Bainum's big-bucks race for governor CAMPAIGN 1994 -- THE RACE FOR GOVERNOR

May 15, 1994|By Robert Timberg | Robert Timberg,Sun Staff Writer Sun staff writer William F. Zorzi Jr. contributed to this article.

Well-heeled dark horse Stewart Bainum Jr. officially joins the race for governor of Maryland tomorrow, trumpeting his belated entrance into the crowded field of Democratic hopefuls with a monthlong fanfare of television commercials to propel him from the starting gate.

Besides showcasing Mr. Bainum, the ads highlight a new dynamic in the campaign -- personal wealth and the willingness to use it. The multimillionaire Montgomery County businessman hopes they will be the great equalizer, making up for his relative political obscurity and entry a scant four months before the Sept. Democratic primary.

Although six other Democrats are contending for the party's nomination, none has yet electrified the voters or emerged as the clear front-runner. That makes Mr. Bainum's well-funded rush, even from a standing start, a potentially powerful force in the campaign.

Mr. Bainum is scheduled to announce his candidacy, expected for months, at news conferences in Hagerstown, Silver Spring, Baltimore and Salisbury.

In addition to his late start and early use of television advertising, Mr. Bainum is going against the grain in another way, publicly linking himself with Gov. William Donald Schaefer, whose popularity has sagged in recent years.

Mr. Bainum said in an interview he admires Mr. Schaefer's willingness to take on special interests. "While I don't always agree with Governor Schaefer on issues, if elected I'd aspire to have as much political courage as he has," Mr. Bainum said.

He also said that if elected he would recruit nationally for his administration, but made a point of saying he might retain some key Schaefer aides at the Cabinet, sub-cabinet and State House staff level.

He would not specify whom he might ask to stay, but spoke in glowing terms during the interview of Nancy S. Grasmick, the state schools superintendent.

Encouraged by Schaefer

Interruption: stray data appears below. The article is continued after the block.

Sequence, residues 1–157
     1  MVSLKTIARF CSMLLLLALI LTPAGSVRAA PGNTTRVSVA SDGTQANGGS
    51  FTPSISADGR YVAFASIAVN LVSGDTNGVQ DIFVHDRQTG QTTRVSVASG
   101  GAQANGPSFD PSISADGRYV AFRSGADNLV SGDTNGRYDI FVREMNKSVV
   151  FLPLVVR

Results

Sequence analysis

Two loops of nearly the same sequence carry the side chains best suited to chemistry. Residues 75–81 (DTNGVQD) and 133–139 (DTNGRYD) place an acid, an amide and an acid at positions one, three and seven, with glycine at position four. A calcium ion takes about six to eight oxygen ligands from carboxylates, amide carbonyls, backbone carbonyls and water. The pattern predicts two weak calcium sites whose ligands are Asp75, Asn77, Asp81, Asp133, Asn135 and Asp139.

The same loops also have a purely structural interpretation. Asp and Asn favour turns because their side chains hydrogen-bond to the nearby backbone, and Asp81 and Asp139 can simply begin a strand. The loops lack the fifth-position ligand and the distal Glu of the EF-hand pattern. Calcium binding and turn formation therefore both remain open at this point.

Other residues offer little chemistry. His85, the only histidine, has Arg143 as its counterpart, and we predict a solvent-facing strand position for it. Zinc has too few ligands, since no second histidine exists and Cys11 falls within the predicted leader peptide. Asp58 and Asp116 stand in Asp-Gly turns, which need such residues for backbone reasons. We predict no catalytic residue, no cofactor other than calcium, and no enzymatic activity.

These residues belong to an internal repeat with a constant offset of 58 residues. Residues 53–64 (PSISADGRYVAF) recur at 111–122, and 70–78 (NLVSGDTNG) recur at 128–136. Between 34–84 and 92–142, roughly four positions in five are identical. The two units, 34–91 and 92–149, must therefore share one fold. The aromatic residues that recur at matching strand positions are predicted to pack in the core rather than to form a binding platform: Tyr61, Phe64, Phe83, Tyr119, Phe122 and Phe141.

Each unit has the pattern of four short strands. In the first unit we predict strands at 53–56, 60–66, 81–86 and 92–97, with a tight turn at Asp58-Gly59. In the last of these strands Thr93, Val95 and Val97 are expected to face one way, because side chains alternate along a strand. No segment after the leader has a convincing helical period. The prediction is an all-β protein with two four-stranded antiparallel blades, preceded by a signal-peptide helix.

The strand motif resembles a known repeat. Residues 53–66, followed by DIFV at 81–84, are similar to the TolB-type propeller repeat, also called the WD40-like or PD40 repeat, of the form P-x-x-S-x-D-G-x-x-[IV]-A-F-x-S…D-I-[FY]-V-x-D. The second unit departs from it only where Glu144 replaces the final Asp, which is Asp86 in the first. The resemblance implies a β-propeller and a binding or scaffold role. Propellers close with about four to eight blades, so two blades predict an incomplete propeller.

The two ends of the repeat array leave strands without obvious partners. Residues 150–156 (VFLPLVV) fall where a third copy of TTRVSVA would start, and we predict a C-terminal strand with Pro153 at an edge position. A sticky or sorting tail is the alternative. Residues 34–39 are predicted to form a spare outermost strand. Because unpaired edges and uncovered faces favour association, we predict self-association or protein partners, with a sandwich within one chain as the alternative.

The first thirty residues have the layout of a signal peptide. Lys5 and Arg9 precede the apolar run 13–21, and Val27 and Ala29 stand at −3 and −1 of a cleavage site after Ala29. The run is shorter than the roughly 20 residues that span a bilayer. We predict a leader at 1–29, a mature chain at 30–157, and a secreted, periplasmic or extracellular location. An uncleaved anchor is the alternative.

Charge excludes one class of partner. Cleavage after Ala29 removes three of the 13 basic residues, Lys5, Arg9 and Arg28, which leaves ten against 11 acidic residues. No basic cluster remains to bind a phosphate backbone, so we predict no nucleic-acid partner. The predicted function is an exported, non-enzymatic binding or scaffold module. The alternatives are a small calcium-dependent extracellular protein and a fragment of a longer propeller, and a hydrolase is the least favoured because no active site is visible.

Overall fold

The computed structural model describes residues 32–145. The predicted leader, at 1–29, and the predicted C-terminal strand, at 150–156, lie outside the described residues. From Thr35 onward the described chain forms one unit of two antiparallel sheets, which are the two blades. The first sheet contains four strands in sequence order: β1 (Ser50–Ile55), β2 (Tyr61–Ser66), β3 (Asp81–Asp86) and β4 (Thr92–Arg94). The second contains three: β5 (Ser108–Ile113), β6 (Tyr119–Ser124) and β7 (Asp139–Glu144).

The governor, searching for a successor, encouraged Mr. Bainum to enter the race, as he did two other announced candidates, State Sen. American Joe Miedusiewski, a Baltimore

Democrat, and Republican Rep. Helen Delich Bentley of Baltimore County.

The TV ads, the first this year in the governor's race, are to run for the next month over the air and on cable in the state's four major media markets -- Baltimore, Washington, Hagerstown in Western Maryland, and Salisbury on the Eastern Shore.

In one polished, 30-second spot shown to reporters last week, Mr. Bainum is introduced to voters as a no-nonsense, fiscally responsible businessman and former legislator who can nonetheless poke fun at himself for driving an 8-year-old car.

Looking younger than his 48 years, Mr. Bainum also is seen talking to employees in his shirt sleeves and playing ball with his son Bradford, 2, while the announcer tells viewers, "As Maryland's next governor, he'll go to bat for us."

The ad, developed by Payne & Co., a Boston political media consultant, is the first of at least two, possibly three, that will be shown in coming weeks.

Mr. Bainum pegged the price for purchasing the television time at more than $500,000 but well below $1 million -- all of it coming from the candidate's deep pockets.

His net worth

He said he did not know his precise net worth, but put the value of his stock in Manor Care Inc., the firm he has headed since 1987, at about $50 million. He has other, less extensive holdings as well, he said.

As for how much of his financial resources he is willing to spend to win the primary, he said, "Enough to get a plurality," which seems to translate to whatever it takes. Although individuals and corporations are limited in the money they can contribute to a candidate, the candidate can donate or lend his or her campaign any amount.

The Chevy Chase resident will present himself as a fiscally conservative entrepreneur whose success in the nursing home and hostelry fields has groomed him for the state's highest office.

Like Ross Perot and other rich men who have reached for high office, he intends to tell the voters that he will run the government like a business, making it more responsive to

residents, whom he equates with customers who pay with taxes for services.

On that point, he promises an overhaul -- his phrase is "fundamental reform" -- of the state personnel system, saying it is antiquated and unresponsive. "Why should we allow a 19th century . . . system to take us into the 21st century?" he said. "It has to be changed."

His plans for revamping it involve incentives and punishments, which could put him at odds with state employee unions. In his system, he said, "People who work hard and do a good job are rewarded and people who don't work hard and don't do a good job are held accountable."

Other issues on which Mr. Bainum expects to campaign include:

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